Climate driven release of carbon and mercury from permafrost mires increases mercury loading to sub-arctic lakes. Rydberg, J., Klaminder, J., Rosén, P., & Bindler, R. Science of The Total Environment, 408(20):4778–4783, September, 2010. 00052
Climate driven release of carbon and mercury from permafrost mires increases mercury loading to sub-arctic lakes [link]Paper  doi  abstract   bibtex   
In sub-arctic and arctic regions mercury is an element of concern for both wildlife and humans. Over thousands of years large amounts of atmospherically deposited mercury, both from natural and anthropogenic sources, have been sequestered together with carbon in northern peatlands. Many of these peatlands are currently underlain by permafrost, which controls mire stability and hydrology. With the ongoing climate change there is concern that permafrost thawing will turn large areas of these northern peatlands from carbon/mercury-sinks into much wetter carbon/mercury-sources. Here we can show that such a change in mire structure in the sub-arctic Stordalen mire in northern Sweden actually is responsible for an increased export of mercury to the adjacent lake Inre Harrsjön. We also show that sediment mercury accumulation rates during a warm period in the pre-industrial past were higher than in the 1970s when atmospheric input peaked, indicating that in areas with permafrost, climate can have an effect on mercury loading to lakes as large as anthropogenic emissions. Thawing of permafrost and the subsequent export of carbon is a widespread phenomenon, and the projection is that it will increase even more in the near future. Together with our observations from Stordalen, this makes northern peatlands into a substantial source of mercury, at risk of being released into sensitive arctic freshwater and marine systems.
@article{rydberg_climate_2010,
	title = {Climate driven release of carbon and mercury from permafrost mires increases mercury loading to sub-arctic lakes},
	volume = {408},
	issn = {0048-9697},
	url = {https://www.sciencedirect.com/science/article/pii/S0048969710006613},
	doi = {10.1016/j.scitotenv.2010.06.056},
	abstract = {In sub-arctic and arctic regions mercury is an element of concern for both wildlife and humans. Over thousands of years large amounts of atmospherically deposited mercury, both from natural and anthropogenic sources, have been sequestered together with carbon in northern peatlands. Many of these peatlands are currently underlain by permafrost, which controls mire stability and hydrology. With the ongoing climate change there is concern that permafrost thawing will turn large areas of these northern peatlands from carbon/mercury-sinks into much wetter carbon/mercury-sources. Here we can show that such a change in mire structure in the sub-arctic Stordalen mire in northern Sweden actually is responsible for an increased export of mercury to the adjacent lake Inre Harrsjön. We also show that sediment mercury accumulation rates during a warm period in the pre-industrial past were higher than in the 1970s when atmospheric input peaked, indicating that in areas with permafrost, climate can have an effect on mercury loading to lakes as large as anthropogenic emissions. Thawing of permafrost and the subsequent export of carbon is a widespread phenomenon, and the projection is that it will increase even more in the near future. Together with our observations from Stordalen, this makes northern peatlands into a substantial source of mercury, at risk of being released into sensitive arctic freshwater and marine systems.},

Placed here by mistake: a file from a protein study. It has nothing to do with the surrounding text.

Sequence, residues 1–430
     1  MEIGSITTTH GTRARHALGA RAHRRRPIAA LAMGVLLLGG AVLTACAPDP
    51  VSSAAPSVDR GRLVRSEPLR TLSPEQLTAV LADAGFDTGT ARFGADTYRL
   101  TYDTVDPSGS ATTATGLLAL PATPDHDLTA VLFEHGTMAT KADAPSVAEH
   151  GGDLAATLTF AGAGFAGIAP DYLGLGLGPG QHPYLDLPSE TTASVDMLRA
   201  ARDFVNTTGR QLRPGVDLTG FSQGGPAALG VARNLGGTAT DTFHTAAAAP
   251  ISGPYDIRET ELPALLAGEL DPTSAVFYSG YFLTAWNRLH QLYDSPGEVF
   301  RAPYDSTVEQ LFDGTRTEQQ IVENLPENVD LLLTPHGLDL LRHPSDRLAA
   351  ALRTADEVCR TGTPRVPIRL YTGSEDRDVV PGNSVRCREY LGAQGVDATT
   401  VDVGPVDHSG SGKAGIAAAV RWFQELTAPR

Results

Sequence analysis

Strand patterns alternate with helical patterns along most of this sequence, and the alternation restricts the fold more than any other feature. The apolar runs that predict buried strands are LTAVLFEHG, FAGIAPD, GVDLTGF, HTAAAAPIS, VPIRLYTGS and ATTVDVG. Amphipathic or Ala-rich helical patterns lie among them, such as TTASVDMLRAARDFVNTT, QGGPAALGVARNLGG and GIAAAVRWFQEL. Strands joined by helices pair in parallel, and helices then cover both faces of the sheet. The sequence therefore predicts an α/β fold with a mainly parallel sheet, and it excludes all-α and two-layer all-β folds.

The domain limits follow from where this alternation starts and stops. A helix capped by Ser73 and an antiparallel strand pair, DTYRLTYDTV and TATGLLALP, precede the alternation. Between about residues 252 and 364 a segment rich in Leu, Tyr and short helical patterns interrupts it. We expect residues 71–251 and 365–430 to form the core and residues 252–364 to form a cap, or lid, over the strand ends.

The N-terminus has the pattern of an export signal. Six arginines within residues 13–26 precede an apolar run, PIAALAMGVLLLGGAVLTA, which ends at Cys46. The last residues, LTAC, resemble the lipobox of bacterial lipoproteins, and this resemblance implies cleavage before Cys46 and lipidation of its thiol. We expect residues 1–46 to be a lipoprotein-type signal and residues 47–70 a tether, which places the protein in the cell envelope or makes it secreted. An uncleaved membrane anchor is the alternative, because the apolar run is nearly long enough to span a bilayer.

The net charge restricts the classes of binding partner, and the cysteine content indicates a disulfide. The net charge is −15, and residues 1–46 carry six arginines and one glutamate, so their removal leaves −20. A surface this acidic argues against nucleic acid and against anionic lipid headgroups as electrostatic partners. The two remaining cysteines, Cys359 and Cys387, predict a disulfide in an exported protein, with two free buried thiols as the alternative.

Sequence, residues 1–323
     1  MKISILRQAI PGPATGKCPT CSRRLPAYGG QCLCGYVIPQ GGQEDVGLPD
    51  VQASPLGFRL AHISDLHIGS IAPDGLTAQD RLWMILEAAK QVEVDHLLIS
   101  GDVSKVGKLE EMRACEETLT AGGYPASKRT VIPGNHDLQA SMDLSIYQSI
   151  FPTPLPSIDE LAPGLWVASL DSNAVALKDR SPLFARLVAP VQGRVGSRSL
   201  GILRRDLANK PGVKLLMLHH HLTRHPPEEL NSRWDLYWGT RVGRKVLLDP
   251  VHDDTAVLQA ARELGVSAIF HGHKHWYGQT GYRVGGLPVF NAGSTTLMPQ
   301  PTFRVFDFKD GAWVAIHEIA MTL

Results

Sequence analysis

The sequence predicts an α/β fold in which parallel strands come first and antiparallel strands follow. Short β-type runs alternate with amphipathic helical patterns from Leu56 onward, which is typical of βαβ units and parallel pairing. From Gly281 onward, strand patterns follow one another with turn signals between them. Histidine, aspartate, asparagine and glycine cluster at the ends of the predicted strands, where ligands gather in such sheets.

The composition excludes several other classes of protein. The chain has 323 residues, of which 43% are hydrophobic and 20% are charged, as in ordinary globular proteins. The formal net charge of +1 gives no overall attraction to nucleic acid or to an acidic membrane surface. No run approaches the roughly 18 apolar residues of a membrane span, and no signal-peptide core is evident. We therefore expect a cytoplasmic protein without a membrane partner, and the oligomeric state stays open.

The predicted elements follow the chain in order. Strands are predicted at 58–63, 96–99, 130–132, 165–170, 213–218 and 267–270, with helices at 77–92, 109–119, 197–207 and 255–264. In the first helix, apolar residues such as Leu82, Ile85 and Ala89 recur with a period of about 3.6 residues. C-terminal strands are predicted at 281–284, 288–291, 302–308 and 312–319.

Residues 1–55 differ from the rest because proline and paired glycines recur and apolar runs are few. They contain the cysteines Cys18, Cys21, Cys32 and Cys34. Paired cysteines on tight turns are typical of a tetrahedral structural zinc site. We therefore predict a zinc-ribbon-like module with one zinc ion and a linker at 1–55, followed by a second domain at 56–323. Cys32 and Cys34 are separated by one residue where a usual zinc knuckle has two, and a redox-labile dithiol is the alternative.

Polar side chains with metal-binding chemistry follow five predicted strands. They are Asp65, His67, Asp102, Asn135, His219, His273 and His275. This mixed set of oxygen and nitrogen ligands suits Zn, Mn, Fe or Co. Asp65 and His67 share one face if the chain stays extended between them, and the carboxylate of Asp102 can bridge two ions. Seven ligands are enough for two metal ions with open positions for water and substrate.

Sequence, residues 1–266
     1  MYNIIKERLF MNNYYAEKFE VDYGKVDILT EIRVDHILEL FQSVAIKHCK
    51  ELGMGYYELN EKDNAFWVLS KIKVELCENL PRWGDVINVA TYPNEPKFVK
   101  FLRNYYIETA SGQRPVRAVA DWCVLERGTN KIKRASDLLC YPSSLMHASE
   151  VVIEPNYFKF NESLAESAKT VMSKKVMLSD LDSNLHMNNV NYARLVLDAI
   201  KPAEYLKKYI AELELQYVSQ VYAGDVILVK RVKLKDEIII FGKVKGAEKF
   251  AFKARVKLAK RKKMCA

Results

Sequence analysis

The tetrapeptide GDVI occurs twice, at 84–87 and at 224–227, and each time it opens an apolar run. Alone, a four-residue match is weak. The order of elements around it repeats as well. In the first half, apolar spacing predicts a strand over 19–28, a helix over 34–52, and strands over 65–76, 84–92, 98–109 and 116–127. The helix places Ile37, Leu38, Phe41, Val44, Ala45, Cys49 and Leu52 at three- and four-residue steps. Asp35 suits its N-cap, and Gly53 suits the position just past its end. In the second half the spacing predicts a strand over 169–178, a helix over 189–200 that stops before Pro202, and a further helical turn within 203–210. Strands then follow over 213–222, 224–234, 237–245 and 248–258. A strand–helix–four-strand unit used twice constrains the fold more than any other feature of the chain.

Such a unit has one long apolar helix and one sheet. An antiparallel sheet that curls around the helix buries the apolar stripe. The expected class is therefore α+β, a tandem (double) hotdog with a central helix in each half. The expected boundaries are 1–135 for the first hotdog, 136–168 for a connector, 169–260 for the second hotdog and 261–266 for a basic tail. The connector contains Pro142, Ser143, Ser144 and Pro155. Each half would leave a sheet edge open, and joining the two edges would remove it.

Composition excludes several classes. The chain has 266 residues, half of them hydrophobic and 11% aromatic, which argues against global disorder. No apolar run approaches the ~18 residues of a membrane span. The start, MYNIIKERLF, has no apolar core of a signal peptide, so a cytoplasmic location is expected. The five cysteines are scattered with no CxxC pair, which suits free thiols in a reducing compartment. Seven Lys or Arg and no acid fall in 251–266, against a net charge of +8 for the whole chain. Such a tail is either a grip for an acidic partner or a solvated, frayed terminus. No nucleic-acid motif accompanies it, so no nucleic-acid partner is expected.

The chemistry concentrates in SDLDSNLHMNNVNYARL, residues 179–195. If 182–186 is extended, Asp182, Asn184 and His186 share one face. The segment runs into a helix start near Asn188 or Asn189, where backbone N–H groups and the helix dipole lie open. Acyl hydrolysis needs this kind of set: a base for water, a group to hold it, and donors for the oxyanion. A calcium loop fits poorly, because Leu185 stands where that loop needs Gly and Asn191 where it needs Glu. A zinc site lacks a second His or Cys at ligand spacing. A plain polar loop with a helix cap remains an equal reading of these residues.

number = {20},
	urldate = {2017-02-07},
	journal = {Science of The Total Environment},
	author = {Rydberg, Johan and Klaminder, Jonatan and Rosén, Peter and Bindler, Richard},
	month = sep,
	year = {2010},
	note = {00052},
	keywords = {NIRS, Permafrost dynamics, Sediment, mercury, peat},
	pages = {4778--4783},
}

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